This analysis comes as the majority of COVID-19 restrictions have been removed in England from today (19th July). 

From today (Monday 19th July), most legal COVID-19 restrictions have been lifted in England.

In line with the 4th and final stage of the Government’s roadmap, this includes the removal of social distancing and lifting the order to work from home where possible.

However, lawyers from Royds Withy King have warned this has put employers in a difficult position.

Employers will now be expected to make their own decisions concerning how and when to bring staff back into the office and how to manage employees who have different views about safety, mask-wearing and remote working.

Kate Benefer, a Partner in the Employment Law team at Royds Withy King, discussed the potential problems which could arise:

The Government has passed onto employers the responsibility for deciding what measures are necessary to ensure a safe workplace. Whilst the easing of restrictions will be welcomed by businesses, it will inevitably create further confusion and potential points of conflict in the workplace.

Employees and employers may, for example, have different perspectives of risk and what is safe, and that will be difficult to manage. Businesses have an obligation to carry out a risk assessment, but this is difficult when there are still many unknowns with COVID.

Ms. Benefer also explained that the risk of discrimination claims could also spike if employers do not handle the return to the office mindfully:

Employers need to be particularly careful with employees who indicate they are not comfortable with a return to the workplace.

There could be health concerns that mean an employee is particularly vulnerable in relation to COVID, or mental health issues, such as anxiety, which may have been caused or exacerbated by the pandemic. Employers who refuse the right to continue to work from home may find themselves facing discrimination claims.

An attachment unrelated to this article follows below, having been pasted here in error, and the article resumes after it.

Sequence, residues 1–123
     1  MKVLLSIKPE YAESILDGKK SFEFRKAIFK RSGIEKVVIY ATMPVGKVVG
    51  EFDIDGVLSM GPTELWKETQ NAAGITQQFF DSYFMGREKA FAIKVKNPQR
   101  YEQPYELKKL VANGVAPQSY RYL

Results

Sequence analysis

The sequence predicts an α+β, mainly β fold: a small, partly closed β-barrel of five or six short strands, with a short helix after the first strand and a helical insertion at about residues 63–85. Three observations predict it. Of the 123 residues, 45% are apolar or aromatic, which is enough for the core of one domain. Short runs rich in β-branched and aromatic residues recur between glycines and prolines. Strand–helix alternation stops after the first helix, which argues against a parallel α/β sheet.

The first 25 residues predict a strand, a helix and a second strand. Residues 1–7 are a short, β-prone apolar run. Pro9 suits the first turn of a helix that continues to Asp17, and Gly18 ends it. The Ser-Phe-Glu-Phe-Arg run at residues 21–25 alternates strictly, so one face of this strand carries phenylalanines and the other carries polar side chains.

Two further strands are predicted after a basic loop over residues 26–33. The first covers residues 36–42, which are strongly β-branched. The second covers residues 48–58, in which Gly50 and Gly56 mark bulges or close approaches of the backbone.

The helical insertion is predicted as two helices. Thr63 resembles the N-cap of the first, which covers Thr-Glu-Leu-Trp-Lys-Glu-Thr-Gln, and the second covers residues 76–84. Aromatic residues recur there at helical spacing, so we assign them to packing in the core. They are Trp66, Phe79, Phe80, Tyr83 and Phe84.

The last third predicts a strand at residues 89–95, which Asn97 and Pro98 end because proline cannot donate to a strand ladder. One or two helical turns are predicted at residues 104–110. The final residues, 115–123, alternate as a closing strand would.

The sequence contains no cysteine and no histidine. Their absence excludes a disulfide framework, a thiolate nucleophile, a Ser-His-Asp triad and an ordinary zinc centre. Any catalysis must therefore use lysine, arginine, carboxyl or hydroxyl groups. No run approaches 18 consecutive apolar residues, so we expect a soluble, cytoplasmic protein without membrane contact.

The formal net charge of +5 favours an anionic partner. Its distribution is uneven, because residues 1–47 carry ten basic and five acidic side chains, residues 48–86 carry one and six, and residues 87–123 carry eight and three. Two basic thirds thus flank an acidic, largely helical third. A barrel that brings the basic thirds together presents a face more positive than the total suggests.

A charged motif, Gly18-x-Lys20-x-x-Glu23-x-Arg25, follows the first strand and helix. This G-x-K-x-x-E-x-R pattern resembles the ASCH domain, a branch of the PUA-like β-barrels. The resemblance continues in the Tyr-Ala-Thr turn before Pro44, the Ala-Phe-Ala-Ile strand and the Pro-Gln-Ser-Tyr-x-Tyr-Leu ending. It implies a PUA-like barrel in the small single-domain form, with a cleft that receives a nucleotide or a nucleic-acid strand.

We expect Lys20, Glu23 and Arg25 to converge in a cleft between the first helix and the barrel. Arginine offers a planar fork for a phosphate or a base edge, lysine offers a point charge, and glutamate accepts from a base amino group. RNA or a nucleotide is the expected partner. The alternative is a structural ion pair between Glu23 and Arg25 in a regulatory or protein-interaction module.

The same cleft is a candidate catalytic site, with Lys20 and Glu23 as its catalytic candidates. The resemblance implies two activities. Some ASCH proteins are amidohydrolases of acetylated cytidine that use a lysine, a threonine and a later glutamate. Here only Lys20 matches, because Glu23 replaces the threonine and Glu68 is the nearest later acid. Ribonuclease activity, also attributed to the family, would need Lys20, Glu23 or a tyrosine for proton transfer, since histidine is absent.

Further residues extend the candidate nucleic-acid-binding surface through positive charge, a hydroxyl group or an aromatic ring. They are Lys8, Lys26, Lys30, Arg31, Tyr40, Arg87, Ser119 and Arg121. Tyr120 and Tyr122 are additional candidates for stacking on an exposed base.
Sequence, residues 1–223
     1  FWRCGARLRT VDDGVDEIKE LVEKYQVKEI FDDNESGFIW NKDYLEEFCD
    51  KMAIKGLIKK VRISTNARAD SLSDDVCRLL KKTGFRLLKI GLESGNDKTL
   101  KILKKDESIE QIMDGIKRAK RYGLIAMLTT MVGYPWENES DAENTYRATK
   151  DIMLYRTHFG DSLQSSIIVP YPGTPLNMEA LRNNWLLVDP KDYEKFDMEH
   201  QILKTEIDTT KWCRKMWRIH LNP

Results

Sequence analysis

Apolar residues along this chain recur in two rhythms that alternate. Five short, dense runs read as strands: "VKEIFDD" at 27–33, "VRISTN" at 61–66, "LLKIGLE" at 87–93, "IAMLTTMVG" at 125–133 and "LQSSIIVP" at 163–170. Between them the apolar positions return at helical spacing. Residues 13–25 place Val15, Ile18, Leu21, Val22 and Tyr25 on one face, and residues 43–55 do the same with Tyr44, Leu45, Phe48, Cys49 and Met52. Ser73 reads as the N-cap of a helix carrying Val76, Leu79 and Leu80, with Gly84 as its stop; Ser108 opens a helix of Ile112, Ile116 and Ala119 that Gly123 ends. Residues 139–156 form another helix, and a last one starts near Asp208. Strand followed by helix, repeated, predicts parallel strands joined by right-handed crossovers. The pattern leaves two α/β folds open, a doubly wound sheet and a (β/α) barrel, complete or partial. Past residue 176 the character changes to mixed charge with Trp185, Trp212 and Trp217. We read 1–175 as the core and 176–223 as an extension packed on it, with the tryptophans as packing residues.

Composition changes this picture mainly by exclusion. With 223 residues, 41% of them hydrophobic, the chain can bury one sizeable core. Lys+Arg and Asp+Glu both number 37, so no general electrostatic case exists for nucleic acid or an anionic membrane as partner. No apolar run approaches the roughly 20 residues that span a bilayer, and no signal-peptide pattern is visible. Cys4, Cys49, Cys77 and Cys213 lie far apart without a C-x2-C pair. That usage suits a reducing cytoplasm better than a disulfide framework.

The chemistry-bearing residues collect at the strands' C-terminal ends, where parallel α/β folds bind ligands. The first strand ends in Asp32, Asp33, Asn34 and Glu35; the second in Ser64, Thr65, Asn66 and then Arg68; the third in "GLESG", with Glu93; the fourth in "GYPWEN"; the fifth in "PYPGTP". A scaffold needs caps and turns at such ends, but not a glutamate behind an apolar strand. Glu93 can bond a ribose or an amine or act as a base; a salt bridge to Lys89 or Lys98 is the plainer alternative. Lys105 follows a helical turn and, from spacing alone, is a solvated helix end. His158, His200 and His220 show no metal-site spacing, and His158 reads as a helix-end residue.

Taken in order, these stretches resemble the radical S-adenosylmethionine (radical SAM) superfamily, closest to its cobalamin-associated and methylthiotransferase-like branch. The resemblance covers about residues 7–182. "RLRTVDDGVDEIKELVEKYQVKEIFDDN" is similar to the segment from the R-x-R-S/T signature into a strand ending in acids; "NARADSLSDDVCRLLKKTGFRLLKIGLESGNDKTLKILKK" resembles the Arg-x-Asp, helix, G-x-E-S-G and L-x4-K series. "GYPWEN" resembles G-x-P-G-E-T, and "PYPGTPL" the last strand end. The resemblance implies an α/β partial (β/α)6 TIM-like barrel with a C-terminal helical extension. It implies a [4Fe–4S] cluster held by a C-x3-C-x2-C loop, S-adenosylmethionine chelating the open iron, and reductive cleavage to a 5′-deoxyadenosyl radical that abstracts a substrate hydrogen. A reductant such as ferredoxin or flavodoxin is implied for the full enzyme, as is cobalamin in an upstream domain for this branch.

As such, Ms. Benefer encouraged employers to carry out the following tasks as they map out their HR strategy for the coming months:

  • Carrying out a workplace assessment looking at what measures can be adopted to minimise the risk of COVID infections.
  • Asking why you need to bring employees back into the workplace so that you can explain and ‘sell’ the idea to staff as well as being prepared to respond to flexible working requests.
  • Communicating plans with staff as early as possible, addressing any concerns and try and bring them on board.
  • Adopting a common-sense approach to face coverings and flexible working.
  • Considering individual circumstances and make adjustments to accommodate employees who may have health concerns.

This, Kate stated, could avoid creating a two-tier workforce which could “lead to resentment and allegations over favourable treatment, particularly if promotions or allocations of work are perceived to be unfair”.





Monica Sharma is an English Literature graduate from the University of Warwick. As Editor for HRreview, her particular interests in HR include issues concerning diversity, employment law and wellbeing in the workplace. Alongside this, she has written for student publications in both England and Canada. Monica has also presented her academic work concerning the relationship between legal systems, sexual harassment and racism at a university conference at the University of Western Ontario, Canada.